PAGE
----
Benefits Tax Pushes Some Seniors' Marginal Tax Rate Over 100 Percent, Says NCPA Report


DALLAS (August 14, 2000) - Since 1993, middle-income Social Security recipients have been subject to income tax on up to 85 percent of their benefits. According to a new report released by the National Center for Policy Analysis (NCPA), this "benefits tax" can result in a marginal tax rate in excess of 100 percent for middle-income seniors.

"Many senior citizens face a higher marginal rate than Bill Gates," said NCPA Senior Scholar Dorman Cordell.

The Social Security benefits tax is imposed on up to half of benefits for single retirees with an income between $25,000 and $34,000 and between $32,000 and $44,000 for couples. This means seniors must add 50 cents in benefits to taxable income for every additional dollar they earn until half of their benefits become subject to tax. This means:

  • When the elderly earn a dollar, they have to pay taxes on $1.50.
  • As a result, seniors who are in the 15 percent tax bracket face a marginal tax rate of 22.5 percent.
  • Seniors in the 28 percent tax bracket face a marginal rate of 42 percent.

Single retirees with income over $34,000 and couples with income over $44,000, must add 85 cents in benefits to taxable income for each additional dollar of their income. This means they face marginal tax rates of 28 percent (15 percent bracket) and 52 percent (28 percent bracket).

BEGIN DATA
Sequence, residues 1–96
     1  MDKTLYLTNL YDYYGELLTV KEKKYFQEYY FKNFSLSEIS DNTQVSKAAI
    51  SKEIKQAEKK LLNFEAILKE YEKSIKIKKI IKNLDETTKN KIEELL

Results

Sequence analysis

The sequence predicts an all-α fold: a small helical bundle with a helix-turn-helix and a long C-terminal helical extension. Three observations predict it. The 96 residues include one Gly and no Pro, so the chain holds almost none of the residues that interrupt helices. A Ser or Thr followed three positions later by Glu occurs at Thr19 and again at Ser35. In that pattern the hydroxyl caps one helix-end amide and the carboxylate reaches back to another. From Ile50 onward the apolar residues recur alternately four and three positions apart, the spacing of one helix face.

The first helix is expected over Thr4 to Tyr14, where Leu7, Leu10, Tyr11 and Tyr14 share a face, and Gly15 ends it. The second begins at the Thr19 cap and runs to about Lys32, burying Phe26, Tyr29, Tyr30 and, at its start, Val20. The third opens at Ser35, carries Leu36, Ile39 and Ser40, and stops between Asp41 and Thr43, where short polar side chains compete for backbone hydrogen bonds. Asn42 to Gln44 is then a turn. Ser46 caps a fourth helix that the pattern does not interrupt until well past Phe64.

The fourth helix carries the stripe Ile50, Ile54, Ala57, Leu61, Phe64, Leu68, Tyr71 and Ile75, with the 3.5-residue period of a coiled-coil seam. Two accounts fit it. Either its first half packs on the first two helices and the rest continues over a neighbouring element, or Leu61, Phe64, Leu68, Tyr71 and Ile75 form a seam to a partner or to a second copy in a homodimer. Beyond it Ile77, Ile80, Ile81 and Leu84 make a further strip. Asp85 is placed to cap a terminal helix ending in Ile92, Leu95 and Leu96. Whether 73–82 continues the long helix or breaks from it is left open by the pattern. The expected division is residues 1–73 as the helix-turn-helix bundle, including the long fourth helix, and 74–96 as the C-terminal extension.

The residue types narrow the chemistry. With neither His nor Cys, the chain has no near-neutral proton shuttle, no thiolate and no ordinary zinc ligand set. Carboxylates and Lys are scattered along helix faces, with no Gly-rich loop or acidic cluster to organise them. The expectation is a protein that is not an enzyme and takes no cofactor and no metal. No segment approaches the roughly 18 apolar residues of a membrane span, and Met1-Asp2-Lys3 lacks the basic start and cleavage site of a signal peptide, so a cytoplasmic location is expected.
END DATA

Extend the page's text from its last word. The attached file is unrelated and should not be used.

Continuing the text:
• Because of the Social Security benefits tax, a beneficiary in the 28 percent income tax bracket faces a marginal tax rate of 52 percent on withdrawals from pensions and IRAs and 44 percent on capital gains.
  • The benefits tax even causes tax-exempt income to be taxed at a 24 percent marginal rate.

The earnings penalty, which was recently eliminated for seniors over age 65 but is still in effect for Social Security beneficiaries age 62 to 64, takes away a dollar in Social Security benefits for every two dollars of wages. Those wages are also subject to the FICA payroll tax. Thus:

  • A 64-year-old married beneficiary with income of $32,000, including $10,800 of wage earnings, must pay 83 cents in taxes on each additional dollar of wage income.
  • If the same beneficiary's income rises to $44,000, the couple must pay $1.09 in taxes on each additional dollar of wage income.

"The government gives with one hand and takes away with the other," said Cordell.

The House has voted to roll the benefits tax back to the 50 percent level that was in place before 1993. The Senate is expected to vote on the House bill later this year.